Unlike the flat, five-mile drudge of Garden Mountain, Three Ridges also presents the easily conquered challenges of an occasional scramble. Not death defying like Cove Mountain, these scrambles serve mainly to break up the monotony and add spark and life to the hike. I’ve complained so much about the rocks in Central Virginia and called such attention to my emotional reaction to long, hard days, I want to state for the record that I’m not someone who expects or even wants smooth flat trails through idyllic forests, at least not all the time. I appreciate the extra kick required on parts of this trail and have taken pride in rising to the occasion.
I’ve successfully made it through every inch of the trail covered thus far like every other hiker, proving I can do this, tears or no tears. I’ve been able to physically handle the tough parts even if I don’t always handle them well emotionally. Many of the hardest sections I’ve genuinely enjoyed, and if I wasn’t carrying 35 pounds on my back, I’d enjoy them even more!
I pause at the top for that Snickers bar I didn’t think I’d need and keep going. It has taken two hours and 40 minutes to go 3.3 miles. Maupin Field Shelter is another 2.9 miles from Three Ridges summit. The hike down is much easier. Still rocky, but less so and not nearly as steep.
Hanging Rock Overlook is a wide, flat ledge above a sheer cliff about a third of the way down. The little annual Corydalis sp., Rock Harlequin, is beautiful on the ledge. There are more Allegheny Stonecrop and Staghorn Sumac too. It’s a pretty view from the overlook, but there are so many “pretty” views, they begin to run together. It’s not quite an Appalachian Trail Truism because there will always be notable exceptions, but for the most part, if you’ve seen one standard scenic mountain view, you’ve seen them all.
I get to Maupin Field Shelter at 1:30. “Oaks” and “Sweet Pea” have stopped for lunch. As I fix my meal and eat, we chat about my kids. They want to know what my children think of my hiking. Kate, Sam, and I are close, and they are very supportive as long as they know I’m OK. Sam has told his friends and coworkers about my trip with the observation, “My mom’s a badass.”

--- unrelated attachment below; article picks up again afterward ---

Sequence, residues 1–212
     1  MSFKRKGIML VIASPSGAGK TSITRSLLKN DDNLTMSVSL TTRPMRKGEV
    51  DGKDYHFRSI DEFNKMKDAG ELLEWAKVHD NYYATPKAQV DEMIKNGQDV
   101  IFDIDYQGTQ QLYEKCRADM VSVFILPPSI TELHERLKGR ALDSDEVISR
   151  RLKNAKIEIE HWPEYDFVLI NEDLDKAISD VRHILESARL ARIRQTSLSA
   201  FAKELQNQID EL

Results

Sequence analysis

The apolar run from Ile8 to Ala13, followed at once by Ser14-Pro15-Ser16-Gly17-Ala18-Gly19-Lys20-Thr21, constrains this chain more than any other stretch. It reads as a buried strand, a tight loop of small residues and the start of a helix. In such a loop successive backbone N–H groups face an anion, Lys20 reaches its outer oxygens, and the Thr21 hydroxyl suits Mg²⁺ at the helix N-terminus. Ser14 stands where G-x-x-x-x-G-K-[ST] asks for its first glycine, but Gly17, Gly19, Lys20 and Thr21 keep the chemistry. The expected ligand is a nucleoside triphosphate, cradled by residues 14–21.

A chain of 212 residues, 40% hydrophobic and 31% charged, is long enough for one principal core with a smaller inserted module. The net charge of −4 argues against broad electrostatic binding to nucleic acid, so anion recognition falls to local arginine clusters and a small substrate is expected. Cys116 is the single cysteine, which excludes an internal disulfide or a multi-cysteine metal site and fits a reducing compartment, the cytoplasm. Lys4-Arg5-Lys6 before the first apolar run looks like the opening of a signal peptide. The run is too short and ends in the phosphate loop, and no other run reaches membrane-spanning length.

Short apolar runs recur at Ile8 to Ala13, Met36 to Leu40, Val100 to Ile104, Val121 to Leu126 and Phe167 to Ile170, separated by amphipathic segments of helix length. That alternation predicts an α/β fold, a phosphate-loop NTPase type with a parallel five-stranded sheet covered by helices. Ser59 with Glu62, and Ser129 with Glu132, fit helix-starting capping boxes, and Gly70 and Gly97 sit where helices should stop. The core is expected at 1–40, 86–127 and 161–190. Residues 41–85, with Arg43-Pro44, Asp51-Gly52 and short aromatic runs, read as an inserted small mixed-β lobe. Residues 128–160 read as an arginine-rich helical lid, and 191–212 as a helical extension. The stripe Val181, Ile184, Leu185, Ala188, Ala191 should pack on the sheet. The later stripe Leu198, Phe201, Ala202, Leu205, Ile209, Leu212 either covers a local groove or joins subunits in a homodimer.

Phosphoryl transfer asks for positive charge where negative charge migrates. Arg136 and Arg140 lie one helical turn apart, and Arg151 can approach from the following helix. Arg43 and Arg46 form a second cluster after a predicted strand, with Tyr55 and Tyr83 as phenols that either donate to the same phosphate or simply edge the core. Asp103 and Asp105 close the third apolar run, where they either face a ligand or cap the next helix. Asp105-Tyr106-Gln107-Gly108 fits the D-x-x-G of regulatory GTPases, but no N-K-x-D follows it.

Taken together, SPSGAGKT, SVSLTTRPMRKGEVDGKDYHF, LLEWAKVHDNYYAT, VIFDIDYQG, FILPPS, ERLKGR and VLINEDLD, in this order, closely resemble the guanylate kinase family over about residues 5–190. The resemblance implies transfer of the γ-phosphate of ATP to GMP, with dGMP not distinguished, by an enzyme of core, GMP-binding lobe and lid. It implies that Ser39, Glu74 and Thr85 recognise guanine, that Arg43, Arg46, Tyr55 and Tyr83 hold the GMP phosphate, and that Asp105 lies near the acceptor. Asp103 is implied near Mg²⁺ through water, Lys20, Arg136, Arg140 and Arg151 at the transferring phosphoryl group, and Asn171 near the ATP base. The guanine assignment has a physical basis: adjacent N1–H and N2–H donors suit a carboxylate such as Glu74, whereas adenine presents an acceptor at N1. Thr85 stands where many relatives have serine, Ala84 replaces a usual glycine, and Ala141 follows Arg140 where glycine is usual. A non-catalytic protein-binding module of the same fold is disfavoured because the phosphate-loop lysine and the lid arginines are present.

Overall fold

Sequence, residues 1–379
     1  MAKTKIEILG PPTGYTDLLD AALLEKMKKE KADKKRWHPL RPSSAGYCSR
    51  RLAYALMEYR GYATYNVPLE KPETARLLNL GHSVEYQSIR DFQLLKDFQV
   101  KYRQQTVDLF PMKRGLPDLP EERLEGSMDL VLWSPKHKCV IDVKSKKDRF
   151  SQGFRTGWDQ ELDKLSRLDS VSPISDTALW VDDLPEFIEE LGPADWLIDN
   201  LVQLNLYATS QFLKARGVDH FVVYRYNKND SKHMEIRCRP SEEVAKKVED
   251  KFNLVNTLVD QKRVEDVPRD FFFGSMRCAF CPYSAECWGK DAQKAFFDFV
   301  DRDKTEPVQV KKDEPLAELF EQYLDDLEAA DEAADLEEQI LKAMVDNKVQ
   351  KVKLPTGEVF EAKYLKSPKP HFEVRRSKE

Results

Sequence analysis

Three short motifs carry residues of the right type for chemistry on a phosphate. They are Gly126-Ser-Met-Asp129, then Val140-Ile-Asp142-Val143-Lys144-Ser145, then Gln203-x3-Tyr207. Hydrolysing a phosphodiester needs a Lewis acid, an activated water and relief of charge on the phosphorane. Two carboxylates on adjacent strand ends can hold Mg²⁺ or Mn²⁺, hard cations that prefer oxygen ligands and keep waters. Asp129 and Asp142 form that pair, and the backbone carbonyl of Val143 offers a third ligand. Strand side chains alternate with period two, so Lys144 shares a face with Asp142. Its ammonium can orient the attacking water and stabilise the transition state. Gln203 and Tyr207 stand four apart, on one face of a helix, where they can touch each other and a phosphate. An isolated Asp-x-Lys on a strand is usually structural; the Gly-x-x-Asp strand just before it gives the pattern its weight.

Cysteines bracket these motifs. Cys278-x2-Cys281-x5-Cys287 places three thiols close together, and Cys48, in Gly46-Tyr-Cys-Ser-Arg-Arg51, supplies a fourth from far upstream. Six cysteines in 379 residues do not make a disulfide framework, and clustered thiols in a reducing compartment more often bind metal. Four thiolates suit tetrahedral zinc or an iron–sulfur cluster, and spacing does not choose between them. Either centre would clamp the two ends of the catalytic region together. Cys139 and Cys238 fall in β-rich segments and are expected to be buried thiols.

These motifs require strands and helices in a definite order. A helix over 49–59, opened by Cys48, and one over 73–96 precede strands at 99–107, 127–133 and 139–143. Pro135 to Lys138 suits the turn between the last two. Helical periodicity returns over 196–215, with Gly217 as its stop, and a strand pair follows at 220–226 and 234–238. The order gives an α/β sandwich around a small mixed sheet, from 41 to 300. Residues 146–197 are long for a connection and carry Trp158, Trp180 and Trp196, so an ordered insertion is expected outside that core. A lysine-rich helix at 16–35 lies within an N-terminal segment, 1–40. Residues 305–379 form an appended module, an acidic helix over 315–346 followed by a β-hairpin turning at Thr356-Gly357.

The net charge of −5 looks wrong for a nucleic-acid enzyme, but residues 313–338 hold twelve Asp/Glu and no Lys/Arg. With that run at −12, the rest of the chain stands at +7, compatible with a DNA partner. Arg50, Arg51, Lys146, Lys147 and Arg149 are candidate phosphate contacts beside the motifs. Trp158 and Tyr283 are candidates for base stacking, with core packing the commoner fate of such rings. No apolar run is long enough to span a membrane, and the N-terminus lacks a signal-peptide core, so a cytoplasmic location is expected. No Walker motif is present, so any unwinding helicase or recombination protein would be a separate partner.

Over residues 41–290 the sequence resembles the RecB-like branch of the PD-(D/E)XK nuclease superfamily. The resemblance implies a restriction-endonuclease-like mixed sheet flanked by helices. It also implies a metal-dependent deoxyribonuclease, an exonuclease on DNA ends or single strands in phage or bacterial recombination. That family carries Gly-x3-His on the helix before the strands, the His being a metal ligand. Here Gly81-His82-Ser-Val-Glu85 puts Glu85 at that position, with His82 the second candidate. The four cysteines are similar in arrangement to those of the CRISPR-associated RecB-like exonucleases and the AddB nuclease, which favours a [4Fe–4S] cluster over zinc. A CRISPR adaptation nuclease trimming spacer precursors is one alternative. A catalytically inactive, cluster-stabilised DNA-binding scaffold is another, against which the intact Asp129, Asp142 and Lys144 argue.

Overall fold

I’m staying here tonight, but “Oaks” and “Sweet Pea” are hiking as far as they can today to reach Waynesboro tomorrow. I won’t see them again. They are such a wonderful couple, and I wish them the best of luck with the trail and the rest of their lives. With a wave and smile, they’re off.
A few minutes later, they return. I joke, “That was fast. How was Waynesboro?” “Oaks” wants to ask me a question and tells me I can say no if it makes me uncomfortable. He and “Sweet Pea” wonder if they could pray with me. I am touched. We put our arms around each other as “Oaks” thanks God for bringing “G-Sprout” into their lives and asks him to watch over me. I now have a legitimate reason for tears. We hug each other, and “Sweet Pea” says, “You are an inspiration to us. We think you are bold.” “Yeah,” says “Oaks.” “You’re a badass!”
The area around Maupin Field is flat with many campsites, a decent privy, and a very good spring behind the shelter. Another shelter-loving Phoebe family built a nest off to the side where hiker activity will cause less disruption. The Mau-Har Trail ties into the A.T. here and three miles away below the Harpers Creek Shelter, following Campbell Creek to a 40-foot waterfall about halfway between the junctions. It’s Friday of Memorial Day weekend, and a few recreational hikers are out despite the chilly weather walking this loop.